When a friend asks what you think of an article, they’ll probably share a preview over text, Facebook, or email. The preview likely includes the bold claim in the title or a caption. Rather than clicking the shared article (especially if it’s from a source that you’ve never heard of), Google the headline’s topic, and see if you can find a Reuters article (or a series of other prominent sources) discussing the material. You can even include Reuters in the Google search. If the material is nowhere else on the internet, keep your guard up. If the topic shows up repeatedly, but on a dozen websites you’ve never heard of or only on highly partisan websites, keep your guard up. If it shows up repeatedly on reputable sites, study away.
And if you’re reading on a website for the first time, it’s probably a good idea to click the “about us” section. Some of the smartest people I know have fallen for (and shared) satire pieces.
Some of my SYM colleagues share additional perspective worth considering:
Michelle Hipskind, CFP®, a SYM financial advisor with a bachelor’s degree in journalism from Indiana University shared her perspective. “In our increasingly complex and information-saturated environment, it’s hard to know where to get reliable information about world affairs and financial markets. Social media provide quick reads from multiple news outlets in an easily digestible format customized just for our interests. This sounds good; however, social media algorithms ultimately work to reinforce our existing beliefs and attitudes but fail to enlighten us (Ever notice how you “like” just one article on social media and all your other views now feature similar content?). This endless cycle of validation deepens existing opinions and can result in anemic perspectives.”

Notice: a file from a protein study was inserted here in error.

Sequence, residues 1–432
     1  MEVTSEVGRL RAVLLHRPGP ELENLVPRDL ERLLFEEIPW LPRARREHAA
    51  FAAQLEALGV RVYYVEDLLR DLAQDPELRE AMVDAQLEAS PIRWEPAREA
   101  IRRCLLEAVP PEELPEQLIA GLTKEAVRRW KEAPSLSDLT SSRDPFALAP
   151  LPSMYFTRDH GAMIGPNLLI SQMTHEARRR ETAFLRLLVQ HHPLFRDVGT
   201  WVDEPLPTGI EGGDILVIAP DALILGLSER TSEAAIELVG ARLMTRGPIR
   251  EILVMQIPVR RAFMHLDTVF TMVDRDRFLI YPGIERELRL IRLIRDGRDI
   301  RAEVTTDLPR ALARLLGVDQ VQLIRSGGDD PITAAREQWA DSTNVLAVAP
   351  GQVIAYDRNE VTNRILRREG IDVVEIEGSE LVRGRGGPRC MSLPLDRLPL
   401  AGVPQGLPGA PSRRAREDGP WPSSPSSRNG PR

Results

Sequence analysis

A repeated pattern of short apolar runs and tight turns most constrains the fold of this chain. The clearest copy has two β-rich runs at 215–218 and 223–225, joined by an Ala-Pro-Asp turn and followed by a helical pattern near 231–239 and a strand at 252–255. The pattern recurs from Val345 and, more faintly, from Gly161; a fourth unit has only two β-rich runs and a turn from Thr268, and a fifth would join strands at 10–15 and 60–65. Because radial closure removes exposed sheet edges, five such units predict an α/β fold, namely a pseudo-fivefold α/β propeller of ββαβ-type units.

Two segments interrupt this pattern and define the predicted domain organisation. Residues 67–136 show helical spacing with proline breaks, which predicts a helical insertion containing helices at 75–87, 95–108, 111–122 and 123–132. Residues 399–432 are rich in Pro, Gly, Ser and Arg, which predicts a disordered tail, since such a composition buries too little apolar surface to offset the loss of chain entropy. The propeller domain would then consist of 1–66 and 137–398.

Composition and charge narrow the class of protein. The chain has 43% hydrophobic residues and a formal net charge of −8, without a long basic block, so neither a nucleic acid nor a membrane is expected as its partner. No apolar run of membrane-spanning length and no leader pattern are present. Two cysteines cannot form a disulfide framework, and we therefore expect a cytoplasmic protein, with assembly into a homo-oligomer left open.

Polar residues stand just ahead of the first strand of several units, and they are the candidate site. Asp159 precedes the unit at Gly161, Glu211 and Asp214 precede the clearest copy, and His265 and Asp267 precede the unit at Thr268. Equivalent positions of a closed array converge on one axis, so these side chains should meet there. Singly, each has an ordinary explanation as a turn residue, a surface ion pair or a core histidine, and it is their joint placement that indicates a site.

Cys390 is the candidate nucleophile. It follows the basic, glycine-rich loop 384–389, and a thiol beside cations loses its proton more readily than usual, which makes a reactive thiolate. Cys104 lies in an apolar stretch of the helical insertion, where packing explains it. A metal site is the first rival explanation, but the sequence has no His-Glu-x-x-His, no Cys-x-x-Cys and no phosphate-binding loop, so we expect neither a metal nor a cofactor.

Steve Saylor, CISM, IT Manager for SYM, keeps strict protocols in place to keep the firm and our clients’ data secure. He views this topic through a security lens, “Cybercriminals have no conscience and have no qualms about manipulating you with news items. While there are plenty of people out there that are only trying to get your eyeballs on their content so they can sell advertising, there are also very sophisticated and savvy malevolent actors that will spoof ‘trusted’ news sources to illicit a click. I coach our team here at SYM to have a healthy paranoia about all electronic communications (email, websites, SMS and other instant messages, voicemail, and voice calls) because the bad guys will use any avenue they can in attempts to trick you. Be wary of randomly clicking on interesting news articles, they might contain something much more dangerous than the sensational snippet that drew your eye implied.”
It’s not all bad.
It’s an exciting time to be a researcher. Both the data and the tools we use to analyze it seem to be dramatically improving every year. With a little caution around misinformation, we can make the most of it and spare our valuable time in the process.
And by protecting against false misdirection, we stay focused on what we can affect. SYM employees are invested in the same portfolio selection in which our clients are invested. We believe in evidence-based investing. This means we understand that near-term market swings are unpredictable and much of the noise that surrounds it is best ignored to protect against emotional decisions hurting the plan. We remain guided by peer-reviewed academic inquiry and stay focused on delivering strategies to help you make the best of this bear market through harvesting losses, charitable giving, evaluating tax efficiency in your various accounts and continuing to invest while the cost of entry is low.
Disclosure: The opinions expressed herein are those of SYM Financial Corporation (“SYM”) and are subject to change without notice. This material is not financial advice or an offer to sell any product. SYM reserves the right to modify its current investment strategies and techniques based on changing market dynamics or client needs. SYM is an independent investment adviser registered under the Investment Advisers Act of 1940, as amended. Registration does not imply a certain level of skill or training. More information about SYM including our investment strategies, fees, and objectives can be found in our ADV Part 2, which is available upon request.